I've gotten errors when I attempted to use Inkscape, GIMP, and Uniconverter because I don't have access to the proprietary software. Perhaps the file corrupt? Thanks for any advice, this is a charitable cause ("Feed my Starving Children") if that is extra motivation for you!

I'm trying to convert the .eps which is part of this .zip. Another way to get to the file is to start here, and scroll down to the three "Mobile Pack Logos"

  • 2
    I think it's worth noting that EPS is still the most commonly used format for distribution of vector artwork elements like logos. Also, do you actually need to open the file? Normally you'd place it in a layout.
    – e100
    Commented Sep 4, 2012 at 13:32
  • Also worth noting that EPS isn't exactly proprietary (it is PostScript, but plenty of software can deal with it)
    – DA01
    Commented Feb 20, 2014 at 2:14

4 Answers 4


I was able to successfully convert the file to PDF using this online tool and it retained the vector graphics.

I was then able to successfully open that PDF in Inkscape and edit as paths.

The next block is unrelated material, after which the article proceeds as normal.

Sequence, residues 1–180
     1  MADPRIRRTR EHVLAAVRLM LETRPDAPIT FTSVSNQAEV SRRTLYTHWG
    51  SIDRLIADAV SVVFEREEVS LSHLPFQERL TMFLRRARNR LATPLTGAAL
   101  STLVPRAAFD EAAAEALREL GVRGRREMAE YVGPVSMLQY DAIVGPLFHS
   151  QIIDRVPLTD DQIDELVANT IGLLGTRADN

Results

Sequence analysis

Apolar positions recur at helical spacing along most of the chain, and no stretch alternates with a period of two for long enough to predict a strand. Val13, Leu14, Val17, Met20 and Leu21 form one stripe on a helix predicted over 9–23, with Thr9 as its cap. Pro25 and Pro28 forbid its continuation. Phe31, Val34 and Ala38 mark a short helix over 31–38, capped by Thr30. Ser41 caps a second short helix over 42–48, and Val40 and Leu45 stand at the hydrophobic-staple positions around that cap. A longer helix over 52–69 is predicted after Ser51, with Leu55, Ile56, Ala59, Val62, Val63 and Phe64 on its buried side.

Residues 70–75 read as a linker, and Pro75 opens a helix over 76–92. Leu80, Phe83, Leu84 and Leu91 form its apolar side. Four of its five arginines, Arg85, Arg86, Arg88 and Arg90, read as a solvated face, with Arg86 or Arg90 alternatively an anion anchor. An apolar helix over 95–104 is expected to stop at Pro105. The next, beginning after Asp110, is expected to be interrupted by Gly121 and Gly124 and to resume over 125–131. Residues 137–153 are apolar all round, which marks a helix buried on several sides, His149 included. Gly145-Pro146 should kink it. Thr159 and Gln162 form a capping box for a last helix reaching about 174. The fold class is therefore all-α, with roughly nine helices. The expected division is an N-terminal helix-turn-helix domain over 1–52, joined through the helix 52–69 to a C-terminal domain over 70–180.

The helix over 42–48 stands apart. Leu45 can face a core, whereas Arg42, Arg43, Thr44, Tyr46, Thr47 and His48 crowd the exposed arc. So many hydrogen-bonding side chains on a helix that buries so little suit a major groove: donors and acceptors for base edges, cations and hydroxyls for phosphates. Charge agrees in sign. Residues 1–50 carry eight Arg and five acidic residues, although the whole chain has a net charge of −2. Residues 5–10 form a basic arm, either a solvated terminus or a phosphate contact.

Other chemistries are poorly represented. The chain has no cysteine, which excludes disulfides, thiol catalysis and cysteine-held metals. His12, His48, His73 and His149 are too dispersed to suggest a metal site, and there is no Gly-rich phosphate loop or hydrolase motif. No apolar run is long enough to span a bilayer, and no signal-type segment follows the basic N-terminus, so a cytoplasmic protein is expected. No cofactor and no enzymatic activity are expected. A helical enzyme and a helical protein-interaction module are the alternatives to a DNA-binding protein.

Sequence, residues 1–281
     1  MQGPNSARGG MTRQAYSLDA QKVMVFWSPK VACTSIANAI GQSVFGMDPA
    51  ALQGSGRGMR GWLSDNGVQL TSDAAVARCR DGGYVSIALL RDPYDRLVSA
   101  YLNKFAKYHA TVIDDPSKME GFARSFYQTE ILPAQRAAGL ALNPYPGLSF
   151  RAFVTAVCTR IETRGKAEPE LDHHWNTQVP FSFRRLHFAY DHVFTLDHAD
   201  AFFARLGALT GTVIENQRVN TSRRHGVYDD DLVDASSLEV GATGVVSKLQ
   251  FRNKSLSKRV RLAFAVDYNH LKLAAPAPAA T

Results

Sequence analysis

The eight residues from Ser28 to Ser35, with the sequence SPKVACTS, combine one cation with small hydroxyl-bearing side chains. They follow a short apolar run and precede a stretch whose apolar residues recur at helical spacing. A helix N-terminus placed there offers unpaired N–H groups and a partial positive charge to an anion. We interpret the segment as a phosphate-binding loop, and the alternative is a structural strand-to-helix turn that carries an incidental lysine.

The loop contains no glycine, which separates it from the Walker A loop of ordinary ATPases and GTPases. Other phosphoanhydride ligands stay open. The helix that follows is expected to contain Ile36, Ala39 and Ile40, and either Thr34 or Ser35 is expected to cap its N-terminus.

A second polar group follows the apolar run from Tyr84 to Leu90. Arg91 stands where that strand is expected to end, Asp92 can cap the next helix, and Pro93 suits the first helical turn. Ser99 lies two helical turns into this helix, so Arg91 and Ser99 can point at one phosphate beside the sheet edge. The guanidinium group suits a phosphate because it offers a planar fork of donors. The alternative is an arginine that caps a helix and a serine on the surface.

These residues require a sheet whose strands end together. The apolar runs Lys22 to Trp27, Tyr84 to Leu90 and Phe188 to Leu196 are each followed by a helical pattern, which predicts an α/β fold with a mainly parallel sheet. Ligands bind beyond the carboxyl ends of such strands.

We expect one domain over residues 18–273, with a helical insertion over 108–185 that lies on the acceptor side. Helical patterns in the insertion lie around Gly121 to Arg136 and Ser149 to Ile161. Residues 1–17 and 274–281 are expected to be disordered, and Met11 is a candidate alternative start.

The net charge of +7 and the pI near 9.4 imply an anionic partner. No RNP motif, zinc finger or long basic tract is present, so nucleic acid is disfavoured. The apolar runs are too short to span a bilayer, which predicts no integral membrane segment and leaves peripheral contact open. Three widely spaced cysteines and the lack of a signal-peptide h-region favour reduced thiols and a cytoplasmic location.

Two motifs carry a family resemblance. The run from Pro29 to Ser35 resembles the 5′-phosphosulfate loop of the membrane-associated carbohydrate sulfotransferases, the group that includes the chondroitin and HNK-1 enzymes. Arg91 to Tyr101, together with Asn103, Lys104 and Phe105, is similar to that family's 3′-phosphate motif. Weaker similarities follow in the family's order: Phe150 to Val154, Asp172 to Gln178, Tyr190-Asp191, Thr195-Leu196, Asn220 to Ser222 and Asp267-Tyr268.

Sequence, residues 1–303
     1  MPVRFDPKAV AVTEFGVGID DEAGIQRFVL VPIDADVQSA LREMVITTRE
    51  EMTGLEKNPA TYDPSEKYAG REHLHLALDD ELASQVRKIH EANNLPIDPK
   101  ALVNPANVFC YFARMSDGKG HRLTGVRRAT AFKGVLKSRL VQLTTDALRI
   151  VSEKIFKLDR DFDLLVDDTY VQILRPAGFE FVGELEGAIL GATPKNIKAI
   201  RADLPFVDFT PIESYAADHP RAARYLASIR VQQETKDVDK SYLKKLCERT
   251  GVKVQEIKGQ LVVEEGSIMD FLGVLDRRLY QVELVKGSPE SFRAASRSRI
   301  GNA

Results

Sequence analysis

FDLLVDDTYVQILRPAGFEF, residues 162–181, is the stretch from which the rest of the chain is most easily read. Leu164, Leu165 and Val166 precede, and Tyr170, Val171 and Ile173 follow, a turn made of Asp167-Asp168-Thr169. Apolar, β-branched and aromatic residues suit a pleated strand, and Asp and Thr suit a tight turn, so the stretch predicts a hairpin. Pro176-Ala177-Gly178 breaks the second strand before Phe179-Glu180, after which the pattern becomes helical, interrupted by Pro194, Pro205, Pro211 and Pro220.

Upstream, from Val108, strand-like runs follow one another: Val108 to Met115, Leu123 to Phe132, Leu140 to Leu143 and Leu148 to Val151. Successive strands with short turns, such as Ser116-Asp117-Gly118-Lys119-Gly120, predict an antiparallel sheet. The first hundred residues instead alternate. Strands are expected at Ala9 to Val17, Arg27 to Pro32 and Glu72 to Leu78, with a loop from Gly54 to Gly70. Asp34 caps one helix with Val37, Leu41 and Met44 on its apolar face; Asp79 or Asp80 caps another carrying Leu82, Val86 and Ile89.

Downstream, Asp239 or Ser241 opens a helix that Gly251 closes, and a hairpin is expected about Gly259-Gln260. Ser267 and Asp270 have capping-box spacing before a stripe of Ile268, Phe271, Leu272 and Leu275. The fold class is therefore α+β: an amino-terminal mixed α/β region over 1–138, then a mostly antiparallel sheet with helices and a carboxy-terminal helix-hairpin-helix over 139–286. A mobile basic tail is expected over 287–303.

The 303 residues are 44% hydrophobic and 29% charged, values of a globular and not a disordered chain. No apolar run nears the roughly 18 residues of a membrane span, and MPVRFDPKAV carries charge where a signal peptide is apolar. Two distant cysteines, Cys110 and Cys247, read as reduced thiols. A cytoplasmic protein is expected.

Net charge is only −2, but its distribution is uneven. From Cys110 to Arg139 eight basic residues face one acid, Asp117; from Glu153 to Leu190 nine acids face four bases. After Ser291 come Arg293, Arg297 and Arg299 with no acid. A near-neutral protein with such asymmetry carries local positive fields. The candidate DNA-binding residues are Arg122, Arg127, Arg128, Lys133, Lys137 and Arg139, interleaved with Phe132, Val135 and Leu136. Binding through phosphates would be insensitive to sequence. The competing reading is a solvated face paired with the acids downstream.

Unfortunately I didn't have the font that it uses on the bottom but it's Myriad Pro so not hard to find and you may have it already :)


There are some great free websites for converting eps files, I like epsconvert.com - you can convert to jpg, gif and png formats. You can even resize the graphic!


As a person who commonly writes EPS by hand heres how I deal with eps files. Mostly nearly every graphics and desktop publishing app can deal with eps. It being the second most common vector format available on the planet (after pdf, but then pdf is a direct descendant of eps).

So you can open eps in Word, Open office, mathematica, inkscape, gimp, corel draw... and because its the primary tech behind adobe in all adobe apps as well as nearly half of all mediun end printers.

Unfortunately eps is not a simple format so all kinds of convolutions may apply. For example font data may be omitted, or it may use advanced features not available to you. Most commonly you can deal with this by using Ghostscripts ps2ps command.

The other standard way is to just distill the eps to pdf with either Ghostscript or acrobat Distiller. This removes all the dynamic features of eps and flattens the graphic.


pstoedit is good for working back and forth with vector graphics. It relies on Ghostscript (or GSView in Windows), and can be integrated with GSView. You can get everything from here and the extensive capability of pstoedit can be found here.

  • The pstoedit link you posted is broken.
    – ckpepper02
    Commented Feb 21, 2014 at 20:18

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